Bottlenose is to social networks what Google is to the web. At least that’s how Bottlenose CEO Nova Spivack describes his tool, launching in public beta today, for helping people make sense of what’s happening right now on Facebook, Twitter, and Google+.
“We’re trying to be the ‘now’ company,” Spivack told me. “We’re trying to build the highest resolution picture of what’s happening right now.”
Simply put, Bottlenose is search for social networks — or the “stream,” as Spivack labels the never-ending sea of updates that his company attempts to understand. Search for something and Bottlenose will you tell you what the world is saying, but with a filter that finds, sorts, and organizes the social updates of the greatest importance, as they happen, around any given query. Just like Google, Bottlenose is on a quest for extreme relevance.
Bottlenose has spent the greater part of two years attempting to perfect its advanced solution for organizing the world’s attention. In the process, the seven-person, angel-funded startup has fielded three acquisition offers (one from Twitter, we suspect), though it still has little to show the public of its hard work. In December 2011, Bottlenose released its first product, a sophisticated social media dashboard, into private beta. Since then, the startup boasts that it has attracted a user base of 60,000 algorithmically-selected influential web denizens who spend an average of 90 minutes per day with its web-tracking tool.
Today, Bottlenose is making its dashboard available to the public and simultaneously releasing a social search engine that finally dresses up the beauty of its big data brain.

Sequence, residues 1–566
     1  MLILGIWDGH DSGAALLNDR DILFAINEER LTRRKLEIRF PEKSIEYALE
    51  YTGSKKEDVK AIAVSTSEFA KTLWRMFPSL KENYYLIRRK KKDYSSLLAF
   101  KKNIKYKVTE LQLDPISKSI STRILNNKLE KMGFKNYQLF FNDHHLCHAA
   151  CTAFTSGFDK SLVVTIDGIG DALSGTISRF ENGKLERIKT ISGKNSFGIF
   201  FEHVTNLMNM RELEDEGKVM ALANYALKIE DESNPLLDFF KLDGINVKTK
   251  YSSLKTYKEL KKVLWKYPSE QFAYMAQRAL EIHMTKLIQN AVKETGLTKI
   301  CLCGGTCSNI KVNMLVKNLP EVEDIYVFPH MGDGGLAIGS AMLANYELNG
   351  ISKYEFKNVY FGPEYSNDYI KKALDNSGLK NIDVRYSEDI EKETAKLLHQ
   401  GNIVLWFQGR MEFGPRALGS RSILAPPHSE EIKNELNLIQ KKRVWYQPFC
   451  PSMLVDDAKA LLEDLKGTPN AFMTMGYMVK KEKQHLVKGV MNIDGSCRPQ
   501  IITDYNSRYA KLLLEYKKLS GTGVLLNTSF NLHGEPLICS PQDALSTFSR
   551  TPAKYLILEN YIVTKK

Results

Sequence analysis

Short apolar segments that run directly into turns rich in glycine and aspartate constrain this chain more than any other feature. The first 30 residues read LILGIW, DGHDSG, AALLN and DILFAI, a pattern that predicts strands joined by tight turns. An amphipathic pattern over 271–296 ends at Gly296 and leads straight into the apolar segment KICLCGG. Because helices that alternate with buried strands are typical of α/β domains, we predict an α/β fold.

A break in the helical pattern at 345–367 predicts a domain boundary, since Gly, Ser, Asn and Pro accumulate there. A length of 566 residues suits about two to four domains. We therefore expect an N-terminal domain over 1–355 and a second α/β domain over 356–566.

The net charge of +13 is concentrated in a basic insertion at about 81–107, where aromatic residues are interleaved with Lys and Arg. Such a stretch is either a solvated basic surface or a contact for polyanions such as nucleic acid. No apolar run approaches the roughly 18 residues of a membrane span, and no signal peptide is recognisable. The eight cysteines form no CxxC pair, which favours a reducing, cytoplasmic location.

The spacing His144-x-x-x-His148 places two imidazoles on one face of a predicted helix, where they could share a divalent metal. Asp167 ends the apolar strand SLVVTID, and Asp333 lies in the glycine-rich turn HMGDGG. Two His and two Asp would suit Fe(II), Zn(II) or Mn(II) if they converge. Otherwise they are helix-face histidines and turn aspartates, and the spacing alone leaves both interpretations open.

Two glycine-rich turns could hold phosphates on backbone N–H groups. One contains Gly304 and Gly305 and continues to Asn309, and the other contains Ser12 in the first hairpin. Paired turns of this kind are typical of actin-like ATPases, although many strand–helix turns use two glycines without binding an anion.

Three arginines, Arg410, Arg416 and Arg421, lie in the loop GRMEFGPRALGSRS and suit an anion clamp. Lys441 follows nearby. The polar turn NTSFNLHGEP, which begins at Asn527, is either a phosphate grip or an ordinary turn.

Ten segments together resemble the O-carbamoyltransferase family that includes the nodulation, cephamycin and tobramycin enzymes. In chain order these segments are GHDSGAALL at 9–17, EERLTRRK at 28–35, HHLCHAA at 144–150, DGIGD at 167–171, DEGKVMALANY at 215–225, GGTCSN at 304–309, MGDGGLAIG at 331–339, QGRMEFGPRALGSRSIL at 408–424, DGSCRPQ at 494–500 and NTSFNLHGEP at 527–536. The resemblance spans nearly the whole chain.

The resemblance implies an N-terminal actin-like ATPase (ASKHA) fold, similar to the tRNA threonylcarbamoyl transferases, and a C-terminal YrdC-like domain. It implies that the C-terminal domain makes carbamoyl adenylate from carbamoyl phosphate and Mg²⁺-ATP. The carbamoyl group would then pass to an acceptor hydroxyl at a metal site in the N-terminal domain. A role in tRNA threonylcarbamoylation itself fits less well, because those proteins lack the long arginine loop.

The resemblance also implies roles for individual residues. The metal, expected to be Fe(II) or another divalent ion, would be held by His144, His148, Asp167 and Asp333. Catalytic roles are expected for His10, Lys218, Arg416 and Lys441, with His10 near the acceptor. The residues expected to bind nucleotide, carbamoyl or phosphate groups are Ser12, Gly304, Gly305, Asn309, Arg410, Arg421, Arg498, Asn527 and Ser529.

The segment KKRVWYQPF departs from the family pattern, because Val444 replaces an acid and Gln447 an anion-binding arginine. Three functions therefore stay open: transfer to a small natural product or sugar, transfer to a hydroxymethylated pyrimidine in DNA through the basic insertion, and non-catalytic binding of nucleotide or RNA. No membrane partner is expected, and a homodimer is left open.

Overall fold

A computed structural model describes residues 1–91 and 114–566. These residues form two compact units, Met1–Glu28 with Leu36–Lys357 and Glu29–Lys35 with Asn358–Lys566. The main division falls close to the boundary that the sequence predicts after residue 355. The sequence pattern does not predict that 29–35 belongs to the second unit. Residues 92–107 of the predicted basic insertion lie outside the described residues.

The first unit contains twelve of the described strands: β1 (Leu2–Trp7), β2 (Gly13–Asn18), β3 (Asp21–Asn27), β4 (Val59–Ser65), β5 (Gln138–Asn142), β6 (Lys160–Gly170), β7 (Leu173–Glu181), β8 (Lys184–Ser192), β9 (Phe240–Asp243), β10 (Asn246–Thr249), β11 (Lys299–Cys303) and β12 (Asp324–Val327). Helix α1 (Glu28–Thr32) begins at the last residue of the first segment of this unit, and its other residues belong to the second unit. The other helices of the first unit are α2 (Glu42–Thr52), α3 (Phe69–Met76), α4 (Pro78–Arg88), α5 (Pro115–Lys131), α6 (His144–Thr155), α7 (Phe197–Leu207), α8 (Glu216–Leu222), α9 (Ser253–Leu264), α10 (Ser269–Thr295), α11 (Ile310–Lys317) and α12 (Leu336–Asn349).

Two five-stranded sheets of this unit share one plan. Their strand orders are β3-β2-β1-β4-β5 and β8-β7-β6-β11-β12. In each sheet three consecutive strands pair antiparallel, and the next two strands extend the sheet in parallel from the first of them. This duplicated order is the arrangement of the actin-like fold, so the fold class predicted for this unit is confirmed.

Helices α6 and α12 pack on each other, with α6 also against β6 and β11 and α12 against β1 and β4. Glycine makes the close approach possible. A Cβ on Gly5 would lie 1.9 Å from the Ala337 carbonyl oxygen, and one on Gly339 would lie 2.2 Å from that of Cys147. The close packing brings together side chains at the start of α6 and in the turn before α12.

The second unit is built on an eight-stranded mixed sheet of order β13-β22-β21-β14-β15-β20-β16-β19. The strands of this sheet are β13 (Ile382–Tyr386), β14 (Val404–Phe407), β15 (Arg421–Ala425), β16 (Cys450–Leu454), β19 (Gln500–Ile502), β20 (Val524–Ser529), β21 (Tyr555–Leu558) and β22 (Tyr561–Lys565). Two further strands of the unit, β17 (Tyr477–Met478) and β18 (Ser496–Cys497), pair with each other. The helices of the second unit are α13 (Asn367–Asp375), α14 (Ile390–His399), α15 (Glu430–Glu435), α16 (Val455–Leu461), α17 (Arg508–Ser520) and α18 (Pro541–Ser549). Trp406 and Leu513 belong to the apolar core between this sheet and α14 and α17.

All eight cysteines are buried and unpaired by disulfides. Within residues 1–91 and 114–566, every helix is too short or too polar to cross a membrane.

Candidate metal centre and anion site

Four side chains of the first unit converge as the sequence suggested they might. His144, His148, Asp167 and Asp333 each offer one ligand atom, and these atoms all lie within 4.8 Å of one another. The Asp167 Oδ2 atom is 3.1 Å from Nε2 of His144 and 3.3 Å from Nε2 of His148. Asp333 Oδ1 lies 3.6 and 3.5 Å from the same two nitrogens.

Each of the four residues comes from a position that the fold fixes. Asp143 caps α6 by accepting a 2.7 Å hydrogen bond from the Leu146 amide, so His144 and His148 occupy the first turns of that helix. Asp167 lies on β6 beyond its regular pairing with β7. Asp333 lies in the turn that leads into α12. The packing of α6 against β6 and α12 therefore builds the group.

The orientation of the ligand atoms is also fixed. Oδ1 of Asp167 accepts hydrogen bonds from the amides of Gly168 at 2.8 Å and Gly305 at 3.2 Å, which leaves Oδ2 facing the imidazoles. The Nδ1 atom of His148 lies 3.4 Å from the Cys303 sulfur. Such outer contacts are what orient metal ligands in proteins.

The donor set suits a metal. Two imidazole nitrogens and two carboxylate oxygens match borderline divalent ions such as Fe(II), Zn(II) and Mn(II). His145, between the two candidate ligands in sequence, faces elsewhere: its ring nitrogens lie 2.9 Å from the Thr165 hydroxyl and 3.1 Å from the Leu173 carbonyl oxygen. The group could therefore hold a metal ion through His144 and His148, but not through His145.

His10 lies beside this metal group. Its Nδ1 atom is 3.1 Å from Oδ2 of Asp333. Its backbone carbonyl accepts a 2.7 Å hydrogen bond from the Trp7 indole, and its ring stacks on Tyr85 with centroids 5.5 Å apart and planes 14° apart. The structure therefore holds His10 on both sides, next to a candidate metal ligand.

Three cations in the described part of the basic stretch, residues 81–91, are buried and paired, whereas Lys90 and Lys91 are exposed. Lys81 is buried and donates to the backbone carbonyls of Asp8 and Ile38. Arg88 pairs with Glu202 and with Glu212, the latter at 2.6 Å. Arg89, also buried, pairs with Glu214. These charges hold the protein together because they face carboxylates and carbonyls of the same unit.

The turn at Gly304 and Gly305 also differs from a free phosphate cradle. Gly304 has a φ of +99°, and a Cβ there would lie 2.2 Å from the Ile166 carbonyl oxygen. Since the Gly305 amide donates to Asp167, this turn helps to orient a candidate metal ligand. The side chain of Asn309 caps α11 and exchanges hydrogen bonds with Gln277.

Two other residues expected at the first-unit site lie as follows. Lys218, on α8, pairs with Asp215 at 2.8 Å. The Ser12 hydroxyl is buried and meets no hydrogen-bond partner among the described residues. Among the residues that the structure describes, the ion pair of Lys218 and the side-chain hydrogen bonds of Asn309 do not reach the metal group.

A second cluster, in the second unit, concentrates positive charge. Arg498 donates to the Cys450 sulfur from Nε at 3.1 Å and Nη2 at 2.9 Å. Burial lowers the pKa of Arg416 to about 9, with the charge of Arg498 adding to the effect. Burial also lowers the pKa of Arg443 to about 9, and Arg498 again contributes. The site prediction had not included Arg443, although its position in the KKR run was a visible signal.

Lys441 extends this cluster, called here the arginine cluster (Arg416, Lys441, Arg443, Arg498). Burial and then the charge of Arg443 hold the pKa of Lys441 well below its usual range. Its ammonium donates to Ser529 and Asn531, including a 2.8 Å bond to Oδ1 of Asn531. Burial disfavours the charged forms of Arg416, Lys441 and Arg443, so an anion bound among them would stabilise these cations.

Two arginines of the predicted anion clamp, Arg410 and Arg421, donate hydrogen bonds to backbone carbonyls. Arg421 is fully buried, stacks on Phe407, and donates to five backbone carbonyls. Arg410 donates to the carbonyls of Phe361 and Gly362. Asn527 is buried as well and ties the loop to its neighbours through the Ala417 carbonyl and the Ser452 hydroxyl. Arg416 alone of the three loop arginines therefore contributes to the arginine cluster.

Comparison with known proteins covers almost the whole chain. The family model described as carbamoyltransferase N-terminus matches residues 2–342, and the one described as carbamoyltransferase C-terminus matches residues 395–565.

“We’re measuring the crowd in real-time using our algorithm called ‘StreamSense,’” Spivack said. The algorithm uses in-house natural-language processing, personalization, and semantic techniques to figure out trending topics and trending content, he said. “StreamSense helps us assess what the crowd is actually paying attention to right now.”
A Bottlenose “Now” page on Apple
The company’s dynamic results pages are also meant to be collected and saved to the dashboard side of the tool. So a person could use Bottlenose as her Internet start page and browse the latest headlines and conversations surrounding events like the Olympics, scan trending topics across social networks, dive into subtrends, find the most influential people on a subject matter, and read up on the day’s hottest news as plucked from the most relevant social updates.
Before Bottlenose can convince consumers and professionals to use it as a start page or default to its engine for queries, the company will need to prove that it offers more than just your run-of-the-mill social search experience. A slew of similarly purposed engines cropped up a few years back to fill the real-time information gap; consumer rejected most of them and they’ve since faded into oblivion. Now, Google and Bing are supplementing their own standard search results with social feature additions and integrations that, depending on who you talk to, either add to or detract from the overall experience.
Spivack isn’t worried. He believes people will find Bottlenose pages through the standard search engines and stick around for a better view of what’s happening now. And because one can use Bottlenose to detect trends early, Spivack expects professionals, journalists, brand or sports enthusiasts, and news junkies to flock to the tool.
“There’s a lot of different use cases when knowing information early gives you an advantage.”